MOSCOW - Russia’s Foreign Ministry has accused a former U.S. Marine currently facing charges of espionage of faking health problems and lying about his poor treatment while in custody — comments the U.S. Embassy in Moscow called “pulp fiction.”
The diplomatic back and forth involves Paul Whelan, who was arrested for spying in December 2018 after allegedly accepting classified materials on a computer flash drive in a central Moscow hotel.
The case has proven an additional irritant to U.S.-Russian relations that already are strained by events in Syria, Ukraine, and Moscow’s alleged interference in the 2016 U.S. presidential elections.
Whelan, who holds passports from Britain, Canada and Ireland, in addition to the United States, has repeatedly denied the charges. He insists he was in Moscow for a friend’s wedding and accepted the flash drive from a Russian acquaintance without knowing or ever viewing its contents.
In occasional court appearances and through his lawyer, Whelan has consistently claimed mistreatment by prison officials and Russian security services, including physical threats and a lack of medical care during his detention over the past year.
A statement posted to Russia’s Foreign Ministry website addressed those claims.
The statement accused Whelan of fabricating the complaints as part of “yet another mass-scale disinformation campaign aimed at smearing Russia’s image.” It also said American “controlled media” had artificially “created noise around this person” by disseminating numerous falsehoods about Whelan’s case.
The ex-Marine, the statement noted, had been caught “red-handed,” with his “spying activities fully documented.”
The statement also insisted Whelan had regular visits “every week” from U.S. Embassy personnel, as well other countries from which he holds passports.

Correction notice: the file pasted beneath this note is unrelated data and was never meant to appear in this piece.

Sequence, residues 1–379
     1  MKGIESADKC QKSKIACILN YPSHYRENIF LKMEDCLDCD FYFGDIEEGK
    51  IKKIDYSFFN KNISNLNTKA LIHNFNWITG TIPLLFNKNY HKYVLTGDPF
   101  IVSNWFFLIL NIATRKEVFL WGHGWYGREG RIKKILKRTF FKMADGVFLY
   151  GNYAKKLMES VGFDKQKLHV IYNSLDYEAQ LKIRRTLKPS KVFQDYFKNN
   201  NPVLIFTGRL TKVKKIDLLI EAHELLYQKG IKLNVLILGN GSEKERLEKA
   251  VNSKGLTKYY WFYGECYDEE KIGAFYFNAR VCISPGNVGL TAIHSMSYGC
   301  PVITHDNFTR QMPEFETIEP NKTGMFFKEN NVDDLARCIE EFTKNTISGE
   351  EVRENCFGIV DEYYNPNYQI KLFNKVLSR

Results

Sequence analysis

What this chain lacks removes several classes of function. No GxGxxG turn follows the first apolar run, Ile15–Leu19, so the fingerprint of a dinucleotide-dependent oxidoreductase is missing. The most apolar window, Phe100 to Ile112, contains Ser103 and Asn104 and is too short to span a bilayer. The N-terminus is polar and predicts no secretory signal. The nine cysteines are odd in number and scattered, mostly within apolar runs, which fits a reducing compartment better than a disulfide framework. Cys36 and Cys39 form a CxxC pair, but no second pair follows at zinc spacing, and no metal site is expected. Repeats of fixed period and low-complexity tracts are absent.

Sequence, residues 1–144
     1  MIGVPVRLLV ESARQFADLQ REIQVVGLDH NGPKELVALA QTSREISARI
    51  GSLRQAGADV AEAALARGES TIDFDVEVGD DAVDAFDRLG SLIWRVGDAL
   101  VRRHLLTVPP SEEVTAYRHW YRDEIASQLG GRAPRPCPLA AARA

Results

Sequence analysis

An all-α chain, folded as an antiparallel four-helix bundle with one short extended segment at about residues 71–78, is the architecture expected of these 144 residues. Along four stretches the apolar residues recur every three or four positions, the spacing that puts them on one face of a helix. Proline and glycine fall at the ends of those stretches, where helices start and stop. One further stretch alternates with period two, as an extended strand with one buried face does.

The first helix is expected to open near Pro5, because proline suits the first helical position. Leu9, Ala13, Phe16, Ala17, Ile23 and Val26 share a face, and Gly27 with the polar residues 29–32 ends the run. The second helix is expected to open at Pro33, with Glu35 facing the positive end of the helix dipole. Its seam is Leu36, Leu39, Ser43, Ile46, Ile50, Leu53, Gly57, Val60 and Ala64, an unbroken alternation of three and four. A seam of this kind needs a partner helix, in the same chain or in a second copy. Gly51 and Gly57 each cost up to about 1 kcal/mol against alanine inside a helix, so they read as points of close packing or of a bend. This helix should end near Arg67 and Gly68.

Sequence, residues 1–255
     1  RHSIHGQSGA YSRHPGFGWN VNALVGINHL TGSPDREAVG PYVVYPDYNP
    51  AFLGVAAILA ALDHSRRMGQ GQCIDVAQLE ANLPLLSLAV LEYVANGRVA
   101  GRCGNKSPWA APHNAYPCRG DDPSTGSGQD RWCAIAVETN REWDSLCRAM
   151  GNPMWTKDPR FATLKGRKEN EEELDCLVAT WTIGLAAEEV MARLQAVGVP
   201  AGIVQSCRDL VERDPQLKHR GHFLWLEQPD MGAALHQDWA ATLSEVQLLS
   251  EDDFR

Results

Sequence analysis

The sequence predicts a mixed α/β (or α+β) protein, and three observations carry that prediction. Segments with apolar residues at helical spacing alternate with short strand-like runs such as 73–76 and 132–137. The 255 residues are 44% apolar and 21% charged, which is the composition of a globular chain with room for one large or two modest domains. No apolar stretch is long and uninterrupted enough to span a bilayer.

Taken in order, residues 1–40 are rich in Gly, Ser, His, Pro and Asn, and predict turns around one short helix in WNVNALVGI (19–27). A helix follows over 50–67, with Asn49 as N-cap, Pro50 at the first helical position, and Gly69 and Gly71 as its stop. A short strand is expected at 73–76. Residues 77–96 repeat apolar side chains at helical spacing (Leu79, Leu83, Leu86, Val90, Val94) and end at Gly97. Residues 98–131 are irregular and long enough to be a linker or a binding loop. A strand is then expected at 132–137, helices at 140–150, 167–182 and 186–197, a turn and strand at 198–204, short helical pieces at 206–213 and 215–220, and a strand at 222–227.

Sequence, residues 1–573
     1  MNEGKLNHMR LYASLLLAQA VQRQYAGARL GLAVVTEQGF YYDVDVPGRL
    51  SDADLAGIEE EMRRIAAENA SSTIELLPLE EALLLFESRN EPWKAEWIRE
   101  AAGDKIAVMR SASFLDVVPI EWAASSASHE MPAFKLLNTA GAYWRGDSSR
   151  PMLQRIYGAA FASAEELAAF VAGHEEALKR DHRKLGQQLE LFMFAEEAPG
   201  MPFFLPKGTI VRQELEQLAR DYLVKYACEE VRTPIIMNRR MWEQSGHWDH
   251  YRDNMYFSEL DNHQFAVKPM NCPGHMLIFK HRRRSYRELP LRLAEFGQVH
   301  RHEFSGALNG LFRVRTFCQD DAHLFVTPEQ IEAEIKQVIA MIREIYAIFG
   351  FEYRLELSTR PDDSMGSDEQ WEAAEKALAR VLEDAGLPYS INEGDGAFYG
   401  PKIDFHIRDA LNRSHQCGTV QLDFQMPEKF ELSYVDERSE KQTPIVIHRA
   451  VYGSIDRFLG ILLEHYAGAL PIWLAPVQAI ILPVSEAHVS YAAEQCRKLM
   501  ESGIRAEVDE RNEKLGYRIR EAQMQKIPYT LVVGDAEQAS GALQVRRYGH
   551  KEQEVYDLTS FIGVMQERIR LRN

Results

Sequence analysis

The Russian Foreign Ministry noted that Whelan received medical care upon request but had declined a “minor surgery” at a Russian hospital, opting for medication, instead.
“So, there is no threat to Whelan’s health,” concluded the statement. “As for feigned illnesses to which he resorts from time to time, this is apparently part of U.S. intelligence agent training.”
U.S. Embassy press spokeswoman in Moscow, Rebecca Ross, responded with an extended tweet that called the Foreign Ministry’s version “pulp fiction,” while presenting a starkly different narrative.
Ross condemned Russia’s depiction of Whelan’s health, arguing it was, in fact, “deteriorating.” She said Russia had not allowed Whelan a single phone call to family since his detention.
Ross also noted that “no evidence of any crime has been provided to date,” while Whelan — who speaks little or no Russian — had been kept uninformed about trial proceedings.
“How is Paul supposed to understand what he is being accused of if he can’t even read it?” she asked. "The Ministry of Foreign Affairs should stop distorting the facts. #PaulWhelan is not a spy. Still no evidence. Still no calls to his family. Enough is enough. Let Paul go home,” she said.
Ordeal nears end
After nearly a year of pre-trial hearings largely closed to the public, the espionage case against Whelan appears now headed toward a final conclusion.
In its statement, Russia’s Foreign Ministry confirmed that an investigation by Russia’s Federal Security Services was now complete, but it accused Whelan of "deliberately drawing out” the process with a delayed response to an indictment.
Yet at his most recent court hearing, Whelan was only allowed to attend by video simulcast and was seen holding an illegible handwritten sign.
Whelan’s lawyer, Vladimir Zherebenkov, later called for his client to be included in a wider prisoner swap, given his various passports.
“Paul is a citizen of four countries. None of them has asked to organize his exchange, yet,” said Zherebenkov. “Take the initiative, gentlemen!”
Whelan has called on President Donald Trump to intervene on his behalf, asking him “to tweet your intentions” about what Whelan has called “the Moscow goat rodeo.”
If convicted of espionage, Whelan faces the possibility of 10 to 20 years in prison.